Two beers from The Shed Brewery in Stowe, Vt., recently showed up on shelves at beer stores around Maine, and they are good additions.
Ken Strong opened The Shed Restaurant in 1965 in a former blacksmith shop built in 1830. The blacksmith shop later became a cider mill, so it was a hangout before Strong got involved. Strong started brewing his own beers shortly after opening the restaurant. They were popular with ski bums and locals alike and developed a good reputation.
In 2011 Strong lost his lease and had to find another location.
“Ken Strong came to (Otter Creek Brewing Co.) and asked if we would be willing to brew his beers,” Steve Kierstad, regional sales manager for the company that now includes Otter Creek, Wolavers and Long Trail, said in a recent telephone interview. “We said we’d love to take the brand on as ours and keep him on as brand ambassador.”
Strong, who is 74, jumped at the offer, saying it was perfect for him at his time in life.
“He is still on board and in and around the brewery in Middlebury and getting out to represent his brand,” Kierstad said.
Mountain Ale is The Shed’s flagship beer, with about 65 percent of the brand’s sales. It is described on the label as “a rugged brown ale,” an unfiltered 7.4 percent alcohol by volume beer with a big, malty flavor and a nice hops bite at the finish. It poured a deep, dark brown with a nice head. Despite the high alcohol content, the beer went down smoothly.
The only other Shed beer being offered is an India Pale Ale, at 6 percent alcohol. This had a heavy off-white head, traces of yeast in the otherwise clear orange color, a strong hops aroma and flavor, and a crisp finish. I liked this Americanized English IPA, but would pick the Mountain Ale first. Both are about $7.99 for a six-pack.
Kierstad said these are the only two Shed beers now being brewed at Otter Creek, but others from Strong’s repertoire could be added.
Kierstad doesn’t think there is any duplication in the Shed beers and the offerings from Otter Creek/Wolavers/Long Trail. There are some similarities between Mountain Ale and Long Trail’s Double Bag, but they are enough different that it is fine. Mountain Ale is an English-style strong ale, while Double Bag is a double altbier.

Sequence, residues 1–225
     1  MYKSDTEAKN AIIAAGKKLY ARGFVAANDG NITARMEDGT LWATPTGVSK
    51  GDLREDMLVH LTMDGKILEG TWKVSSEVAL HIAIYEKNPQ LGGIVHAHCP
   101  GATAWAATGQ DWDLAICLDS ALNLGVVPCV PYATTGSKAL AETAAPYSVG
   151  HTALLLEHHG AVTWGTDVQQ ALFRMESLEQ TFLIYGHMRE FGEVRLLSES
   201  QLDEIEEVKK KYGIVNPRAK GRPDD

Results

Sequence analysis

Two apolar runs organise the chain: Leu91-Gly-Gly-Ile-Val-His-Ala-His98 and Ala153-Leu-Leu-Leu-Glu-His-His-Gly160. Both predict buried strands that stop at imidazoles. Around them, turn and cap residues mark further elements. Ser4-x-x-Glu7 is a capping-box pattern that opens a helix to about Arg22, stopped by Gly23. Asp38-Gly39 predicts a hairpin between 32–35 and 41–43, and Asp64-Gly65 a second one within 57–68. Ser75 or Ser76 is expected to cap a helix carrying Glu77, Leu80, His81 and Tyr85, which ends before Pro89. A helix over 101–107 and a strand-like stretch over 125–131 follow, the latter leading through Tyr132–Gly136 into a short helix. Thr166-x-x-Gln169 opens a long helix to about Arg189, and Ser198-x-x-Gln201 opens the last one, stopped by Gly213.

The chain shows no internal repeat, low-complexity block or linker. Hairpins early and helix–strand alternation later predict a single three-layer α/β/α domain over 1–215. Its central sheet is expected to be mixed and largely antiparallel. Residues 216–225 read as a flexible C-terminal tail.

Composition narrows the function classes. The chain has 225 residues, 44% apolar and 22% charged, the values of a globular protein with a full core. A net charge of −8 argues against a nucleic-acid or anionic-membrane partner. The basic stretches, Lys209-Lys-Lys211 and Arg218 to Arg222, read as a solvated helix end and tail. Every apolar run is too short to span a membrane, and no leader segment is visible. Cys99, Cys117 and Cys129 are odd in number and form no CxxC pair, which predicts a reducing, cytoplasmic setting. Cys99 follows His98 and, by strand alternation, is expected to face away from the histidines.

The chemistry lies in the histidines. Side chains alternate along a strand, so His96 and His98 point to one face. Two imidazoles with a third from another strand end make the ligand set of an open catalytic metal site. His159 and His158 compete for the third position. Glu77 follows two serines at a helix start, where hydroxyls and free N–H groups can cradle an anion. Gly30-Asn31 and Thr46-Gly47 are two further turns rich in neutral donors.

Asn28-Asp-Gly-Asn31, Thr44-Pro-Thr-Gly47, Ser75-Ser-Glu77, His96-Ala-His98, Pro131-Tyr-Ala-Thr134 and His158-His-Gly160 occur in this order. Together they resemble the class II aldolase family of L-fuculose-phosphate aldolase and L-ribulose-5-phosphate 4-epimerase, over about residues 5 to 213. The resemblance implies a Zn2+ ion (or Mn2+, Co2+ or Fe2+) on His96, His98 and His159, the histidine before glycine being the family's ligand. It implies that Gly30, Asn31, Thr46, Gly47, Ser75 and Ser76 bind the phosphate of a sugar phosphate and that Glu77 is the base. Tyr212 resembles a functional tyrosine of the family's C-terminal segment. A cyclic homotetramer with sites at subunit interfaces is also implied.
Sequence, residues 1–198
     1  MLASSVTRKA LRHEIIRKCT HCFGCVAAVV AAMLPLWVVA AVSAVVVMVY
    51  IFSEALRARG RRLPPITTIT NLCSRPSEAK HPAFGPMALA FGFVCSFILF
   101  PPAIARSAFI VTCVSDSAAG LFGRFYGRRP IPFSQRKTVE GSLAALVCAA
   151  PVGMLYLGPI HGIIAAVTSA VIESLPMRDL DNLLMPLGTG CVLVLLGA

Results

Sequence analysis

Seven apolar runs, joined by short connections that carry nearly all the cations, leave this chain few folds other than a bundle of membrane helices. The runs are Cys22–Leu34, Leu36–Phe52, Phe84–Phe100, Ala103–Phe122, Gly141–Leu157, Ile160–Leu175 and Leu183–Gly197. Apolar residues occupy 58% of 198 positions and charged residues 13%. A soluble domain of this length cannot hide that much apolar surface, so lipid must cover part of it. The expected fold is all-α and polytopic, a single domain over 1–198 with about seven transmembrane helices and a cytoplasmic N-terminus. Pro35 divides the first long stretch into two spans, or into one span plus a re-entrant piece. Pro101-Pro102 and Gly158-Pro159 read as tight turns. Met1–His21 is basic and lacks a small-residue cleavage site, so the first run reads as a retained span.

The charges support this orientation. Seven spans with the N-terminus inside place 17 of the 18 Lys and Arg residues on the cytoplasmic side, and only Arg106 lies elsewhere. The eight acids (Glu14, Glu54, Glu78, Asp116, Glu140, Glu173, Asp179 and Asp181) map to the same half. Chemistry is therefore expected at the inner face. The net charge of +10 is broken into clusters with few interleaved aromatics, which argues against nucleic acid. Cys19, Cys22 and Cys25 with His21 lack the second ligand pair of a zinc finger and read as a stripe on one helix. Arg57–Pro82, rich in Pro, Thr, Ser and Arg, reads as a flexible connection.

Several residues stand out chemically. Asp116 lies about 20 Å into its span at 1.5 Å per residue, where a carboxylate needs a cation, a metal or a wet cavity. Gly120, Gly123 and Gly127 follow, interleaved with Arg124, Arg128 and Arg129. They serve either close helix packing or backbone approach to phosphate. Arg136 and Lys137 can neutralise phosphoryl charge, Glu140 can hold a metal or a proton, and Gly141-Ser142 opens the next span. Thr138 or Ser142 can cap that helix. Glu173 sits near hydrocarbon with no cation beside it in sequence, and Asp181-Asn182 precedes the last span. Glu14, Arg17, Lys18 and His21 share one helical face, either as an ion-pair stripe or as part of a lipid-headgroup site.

OTTER CREEK made some other news earlier this month when it released Double Dose IPA, a collaboration with Lawson’s Finest Liquids in Warren, Vt.
Sean Lawson, founder/brewer of Lawson’s, and Mike Gerhart, master brewer at Otter Creek, used Vermont malt and hops and water from both breweries to create this double IPA.
I jumped when The Bier Cellar on Forest Avenue said it was getting this collaboration, because I had heard many good things about Lawson’s and it is not licensed to sell in Maine. It was sold in Maine as an Otter Creek beer.
This is a 7.4 percent ABV that poured a nice, cloudy orange (as it is unfiltered) and has a wonderful fruity/piney hops aroma, a cleanly crisp finish and a good amount of malt to hold it all together. This is a top-notch beer. It cost $15.99 for a four-pack, and I have heard the bottles are sold out. The collaboration was only 1,900 cases and 120 kegs. If you see it on draft or in bottlers, try it.
Kierstad said Otter Creek – whose new label includes Gerhart’s classic VW microbus – will be bringing out a new winter seasonal called Kind Ryed IPA, a rye IPA with Apollo, Simcoe and Chinook hops and dry-hopped with Centennial. I’ll keep an eye out for that.
IT TOOK a while, but I finally got to taste Gritty McDuff’s fourth 25th anniversary beer, Monster Mash, and it was rich and superb. This is a 7.4 percent ABV Extra Special Bitter that was the original recipe for Halloween Ale, brewer/owner Ed Stebbins told me. Because strong beers were not as popular when Halloween Ale came out, Stebbins dialed the beer back a little. If you hurry, you can taste his original vision – only on draft.
Tom Atwell is a freelance writer living in Cape Elizabeth. He can be contacted at 767-2297 or at: